We are excited about the potential for the production of scholarly work inspired by the 2019 conference theme, “Isolation and Integration.” Gathering in Salt Lake City affords the ideal location to contemplate the duality of the Mormon yearnings to be a peculiar people (isolation) and the contradictory impulse to be accepted and “mainstream” (integration). Historical commemorations marked by 2019 echo this theme and are rich topics for potential panels and papers. Consider for example, the 150th anniversaries of the laying of the Golden Spike and John Wesley Powell’s first Colorado River exploration, the 1869 national discussion over granting Utah women suffrage, and the centennial of the dedication of the Laie Hawaii Temple.
We are pleased to publish this review by Cristina Rosetti, a Ph.D. Candidate in Religious Studies at the University of California, Riverside. You can follow her on Twitter HERE.
Believe in Belief: A Review of Emily Ogden’s Credulity: The Cultural History of US Mesmerism
In the last year, the field of religious studies underwent a renewed interest in “presence,” largely due to Robert Orsi’s History and Presence. In this groundbreaking and theoretically significant work, he writes, “The study of religion is or ought to be the study of what human beings do to, for, and against the gods really present—using ‘gods’ as a synecdoche for all the special suprahuman beings with whom humans have been in relationship in different times and places—and what the gods really present do with, to, for, and against humans.” [i] Orsi’s work challenged scholars to take the religious claims of adherents seriously. Much like studies on secularism raise questions about the subject as much as the object of study, Orsi challenged the “modern” scholar to “believe in belief.” [ii] But, what about fraud? What do scholars do with falsity that, nevertheless, exerts a powerful force over people? What happens to these questions within a world that succeeded in the project of disenchantment? Enter, Emily Ogden.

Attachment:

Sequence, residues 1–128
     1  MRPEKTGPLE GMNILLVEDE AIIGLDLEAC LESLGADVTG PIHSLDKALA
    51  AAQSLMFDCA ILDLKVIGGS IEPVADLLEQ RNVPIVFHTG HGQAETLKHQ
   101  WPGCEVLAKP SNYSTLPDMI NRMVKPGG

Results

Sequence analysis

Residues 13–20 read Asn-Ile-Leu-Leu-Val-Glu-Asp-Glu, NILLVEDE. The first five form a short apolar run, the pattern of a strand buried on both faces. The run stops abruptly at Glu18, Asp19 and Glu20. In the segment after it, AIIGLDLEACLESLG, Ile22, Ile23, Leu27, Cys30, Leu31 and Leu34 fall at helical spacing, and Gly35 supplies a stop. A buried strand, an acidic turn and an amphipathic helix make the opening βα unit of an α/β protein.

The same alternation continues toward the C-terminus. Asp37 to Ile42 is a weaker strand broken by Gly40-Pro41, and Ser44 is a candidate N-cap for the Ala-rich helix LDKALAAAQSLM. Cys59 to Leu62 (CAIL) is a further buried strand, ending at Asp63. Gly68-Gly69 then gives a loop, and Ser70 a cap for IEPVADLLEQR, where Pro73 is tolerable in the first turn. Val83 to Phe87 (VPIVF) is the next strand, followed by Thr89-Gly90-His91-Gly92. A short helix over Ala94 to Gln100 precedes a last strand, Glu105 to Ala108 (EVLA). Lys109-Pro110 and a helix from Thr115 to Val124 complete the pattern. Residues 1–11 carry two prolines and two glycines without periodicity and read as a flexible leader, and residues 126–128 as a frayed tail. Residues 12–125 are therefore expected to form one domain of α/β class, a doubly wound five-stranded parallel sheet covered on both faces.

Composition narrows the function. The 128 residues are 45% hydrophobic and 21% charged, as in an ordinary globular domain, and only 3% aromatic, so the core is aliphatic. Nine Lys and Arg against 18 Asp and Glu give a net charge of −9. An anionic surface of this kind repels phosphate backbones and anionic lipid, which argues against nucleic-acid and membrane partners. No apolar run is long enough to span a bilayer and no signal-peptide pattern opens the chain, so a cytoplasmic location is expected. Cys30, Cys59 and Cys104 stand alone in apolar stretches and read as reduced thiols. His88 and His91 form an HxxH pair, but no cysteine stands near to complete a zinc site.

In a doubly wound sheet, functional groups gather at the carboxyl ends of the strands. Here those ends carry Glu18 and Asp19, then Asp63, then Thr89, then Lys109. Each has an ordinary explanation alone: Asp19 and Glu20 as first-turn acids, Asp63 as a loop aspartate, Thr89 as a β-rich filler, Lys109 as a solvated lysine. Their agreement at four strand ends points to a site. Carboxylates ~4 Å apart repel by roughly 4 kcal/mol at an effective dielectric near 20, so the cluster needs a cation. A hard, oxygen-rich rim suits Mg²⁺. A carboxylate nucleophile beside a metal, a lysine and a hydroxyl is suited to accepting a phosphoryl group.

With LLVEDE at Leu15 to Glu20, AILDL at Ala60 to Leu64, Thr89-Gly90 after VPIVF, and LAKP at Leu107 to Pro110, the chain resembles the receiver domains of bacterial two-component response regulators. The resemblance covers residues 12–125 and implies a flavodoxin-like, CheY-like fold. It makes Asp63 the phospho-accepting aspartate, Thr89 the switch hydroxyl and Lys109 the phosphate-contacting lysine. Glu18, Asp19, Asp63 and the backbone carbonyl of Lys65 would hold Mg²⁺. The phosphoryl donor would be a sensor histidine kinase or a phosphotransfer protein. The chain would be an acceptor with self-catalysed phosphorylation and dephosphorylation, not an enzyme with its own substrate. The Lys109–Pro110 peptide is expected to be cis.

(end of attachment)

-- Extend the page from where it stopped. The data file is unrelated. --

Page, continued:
Kurt Manwaring published an interview with friend-of-the-blog Barbara Jones Brown about her work as Mormon History Association’s Executive Director at his blog, From the Desk. I can’t wait to see where Barbara takes MHA in her tenure as ED!
Today Matt B. and I attended a release even for Saints, the new narrative history of The Church of Jesus Christ of Latter-day Saints. From the Church’s website, Saints is designed to share the stories of “women and men who dedicated their lives to establishing the LDS Church across the globe.” In due course, that means that readers will learn about landmark events in Mormon history, including those that don’t fit into traditional narratives of LDS Church history. The first volume covers 1815-1846, highlighting the global phenomena that led to Joseph Smith’s family moving to New York and closing with the Saints’ exodus from Illinois to the American West. To read more about the press conference, please see this Twitter thread (and follow us on Twitter). I’ve written some preliminary thoughts on Saints with quotations from LDS Church leaders and Church History Department leaders throughout.